Communications service providers (CSPs) building full-fibre broadband networks will receive 100% relief on their business rates over five years, backdated to 1 April 2017 under new legislation introduced by the government.
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The government hopes that by removing multiple barriers to investment it will be able to incentivise CSPs to construct more fibre-to-the-premises (FTTP) infrastructure, delivering future-proofed, ultrafast browsing speeds to digitally demanding homes, and helping keep British businesses competitive after leaving the EU.
The tax holiday was first announced by Philip Hammond during the 2016 Autumn Statement – at the same time as the £400m Digital Infrastructure Investment Fund, which has now been re-announced at least twice – and is set to become law following the introduction of the Telecommunications Infrastructure Bill.
“We want Britain to remain the digital world leader that it is, and that means having the right infrastructure in place that will allow us keep up with the rapid advances in technology now and in the future,” said digital minister Matt Hancock, who has spearheaded the government’s U-turn on FTTP since he replaced Ed Vaizey at the Department for Digital, Culture, Media and Sport (DCMS) in July 2016.
“We want to see more commercial investment in the gold standard connectivity that full-fibre provides, and the 100% business rate relief and the Digital Infrastructure Investment Fund will provide a strong incentive for this,” he said.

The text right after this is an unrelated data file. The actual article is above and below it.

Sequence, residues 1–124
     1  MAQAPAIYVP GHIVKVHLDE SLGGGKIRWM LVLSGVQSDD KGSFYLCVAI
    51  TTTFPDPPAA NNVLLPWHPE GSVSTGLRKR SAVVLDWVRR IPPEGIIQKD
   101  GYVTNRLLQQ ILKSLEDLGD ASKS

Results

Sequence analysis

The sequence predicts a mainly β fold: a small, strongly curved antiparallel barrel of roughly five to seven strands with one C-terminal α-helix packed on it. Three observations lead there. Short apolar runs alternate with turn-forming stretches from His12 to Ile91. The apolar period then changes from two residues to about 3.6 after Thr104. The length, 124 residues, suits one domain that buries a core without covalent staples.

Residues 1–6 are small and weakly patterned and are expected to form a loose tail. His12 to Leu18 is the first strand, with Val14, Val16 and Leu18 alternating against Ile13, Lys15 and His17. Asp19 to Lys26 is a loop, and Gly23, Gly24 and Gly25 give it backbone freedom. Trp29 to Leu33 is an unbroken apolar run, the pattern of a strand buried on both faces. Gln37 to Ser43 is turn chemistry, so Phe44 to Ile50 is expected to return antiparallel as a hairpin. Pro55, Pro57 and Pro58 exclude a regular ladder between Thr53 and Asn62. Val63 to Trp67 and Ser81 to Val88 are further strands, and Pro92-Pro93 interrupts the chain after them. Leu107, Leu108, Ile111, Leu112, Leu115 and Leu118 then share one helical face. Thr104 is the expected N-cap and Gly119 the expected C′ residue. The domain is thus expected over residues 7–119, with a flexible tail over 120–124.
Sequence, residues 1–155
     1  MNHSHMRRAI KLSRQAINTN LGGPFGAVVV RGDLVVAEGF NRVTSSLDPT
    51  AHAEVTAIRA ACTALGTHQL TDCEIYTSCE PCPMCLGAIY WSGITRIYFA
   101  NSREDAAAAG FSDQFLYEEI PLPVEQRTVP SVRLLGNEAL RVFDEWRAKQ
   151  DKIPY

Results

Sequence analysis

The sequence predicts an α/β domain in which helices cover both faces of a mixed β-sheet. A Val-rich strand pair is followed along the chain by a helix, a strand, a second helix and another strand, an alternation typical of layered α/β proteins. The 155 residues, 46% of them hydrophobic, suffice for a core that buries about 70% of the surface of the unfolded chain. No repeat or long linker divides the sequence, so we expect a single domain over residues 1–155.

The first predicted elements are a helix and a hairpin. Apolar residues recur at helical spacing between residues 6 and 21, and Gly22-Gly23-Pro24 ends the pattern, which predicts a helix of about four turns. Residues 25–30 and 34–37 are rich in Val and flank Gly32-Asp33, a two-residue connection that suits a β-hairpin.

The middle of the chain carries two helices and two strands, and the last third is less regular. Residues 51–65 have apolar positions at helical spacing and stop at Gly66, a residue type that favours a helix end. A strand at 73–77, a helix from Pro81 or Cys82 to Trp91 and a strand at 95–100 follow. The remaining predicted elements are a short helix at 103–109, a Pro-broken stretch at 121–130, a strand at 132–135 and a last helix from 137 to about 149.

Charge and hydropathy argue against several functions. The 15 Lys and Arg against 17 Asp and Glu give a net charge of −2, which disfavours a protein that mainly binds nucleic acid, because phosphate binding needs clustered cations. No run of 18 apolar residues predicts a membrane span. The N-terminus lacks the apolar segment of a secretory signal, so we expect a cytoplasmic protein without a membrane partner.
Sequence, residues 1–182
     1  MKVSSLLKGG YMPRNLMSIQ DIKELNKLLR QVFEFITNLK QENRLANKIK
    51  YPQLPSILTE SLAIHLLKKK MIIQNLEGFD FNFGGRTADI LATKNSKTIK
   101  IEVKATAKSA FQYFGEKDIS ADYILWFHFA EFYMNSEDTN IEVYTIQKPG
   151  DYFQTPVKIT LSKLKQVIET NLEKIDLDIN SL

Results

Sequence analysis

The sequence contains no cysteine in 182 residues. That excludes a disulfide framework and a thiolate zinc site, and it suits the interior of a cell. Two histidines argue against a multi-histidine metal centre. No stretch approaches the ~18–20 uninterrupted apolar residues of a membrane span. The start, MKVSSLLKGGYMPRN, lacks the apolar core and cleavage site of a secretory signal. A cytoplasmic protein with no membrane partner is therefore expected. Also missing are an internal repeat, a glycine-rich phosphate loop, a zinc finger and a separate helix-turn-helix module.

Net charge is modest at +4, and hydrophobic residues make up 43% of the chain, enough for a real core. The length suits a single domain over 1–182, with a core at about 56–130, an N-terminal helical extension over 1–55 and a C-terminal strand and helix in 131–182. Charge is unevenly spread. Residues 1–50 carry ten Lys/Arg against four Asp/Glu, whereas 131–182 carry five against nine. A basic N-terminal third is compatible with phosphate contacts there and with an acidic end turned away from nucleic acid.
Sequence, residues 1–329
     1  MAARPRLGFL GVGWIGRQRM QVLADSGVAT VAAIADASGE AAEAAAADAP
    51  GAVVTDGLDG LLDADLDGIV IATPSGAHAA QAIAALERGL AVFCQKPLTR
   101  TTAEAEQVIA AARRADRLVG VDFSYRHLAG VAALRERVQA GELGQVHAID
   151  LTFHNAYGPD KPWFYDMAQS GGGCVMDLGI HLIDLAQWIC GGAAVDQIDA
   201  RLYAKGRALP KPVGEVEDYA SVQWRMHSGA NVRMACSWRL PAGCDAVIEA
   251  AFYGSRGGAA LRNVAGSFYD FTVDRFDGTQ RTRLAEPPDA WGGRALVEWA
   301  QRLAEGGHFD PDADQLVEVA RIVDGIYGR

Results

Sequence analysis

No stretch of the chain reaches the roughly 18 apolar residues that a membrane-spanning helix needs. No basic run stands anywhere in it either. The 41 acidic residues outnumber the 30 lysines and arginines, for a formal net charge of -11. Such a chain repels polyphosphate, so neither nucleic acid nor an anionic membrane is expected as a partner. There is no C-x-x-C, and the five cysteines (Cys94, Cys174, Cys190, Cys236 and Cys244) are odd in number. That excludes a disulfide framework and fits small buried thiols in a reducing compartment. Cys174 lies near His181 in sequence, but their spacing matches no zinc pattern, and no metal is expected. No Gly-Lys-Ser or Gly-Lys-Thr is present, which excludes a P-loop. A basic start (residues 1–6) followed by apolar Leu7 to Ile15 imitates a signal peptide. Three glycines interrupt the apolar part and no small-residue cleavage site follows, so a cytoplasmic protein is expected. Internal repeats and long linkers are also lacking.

“Regardless of where you live or work, we want everyone to benefit from access to the fast, affordable and reliable broadband they need to thrive,” said Marcus Jones, minister for local government.
“From making it easier to work from home to allowing digital businesses to flourish, our measures are creating the right conditions for more high-skilled, high-paid jobs of the future.”
The government believes the rate relief will provide £60m worth of support to CSPs investing in FTTP broadband over the five years to April 2022, down from its original estimate of £85m.
As previously reported by Computer Weekly, CSPs have been pressuring the government over business rates for well over a decade, making the argument that the existing system was biased in favour of Openreach.
The Conservatives had committed to reviewing the system prior to the 2010 general election but following a series of meetings, this promise never came to anything.
The bill, which had its first reading in the Commons on 4 July 2017, will shortly move forwards to a second reading before heading into committee.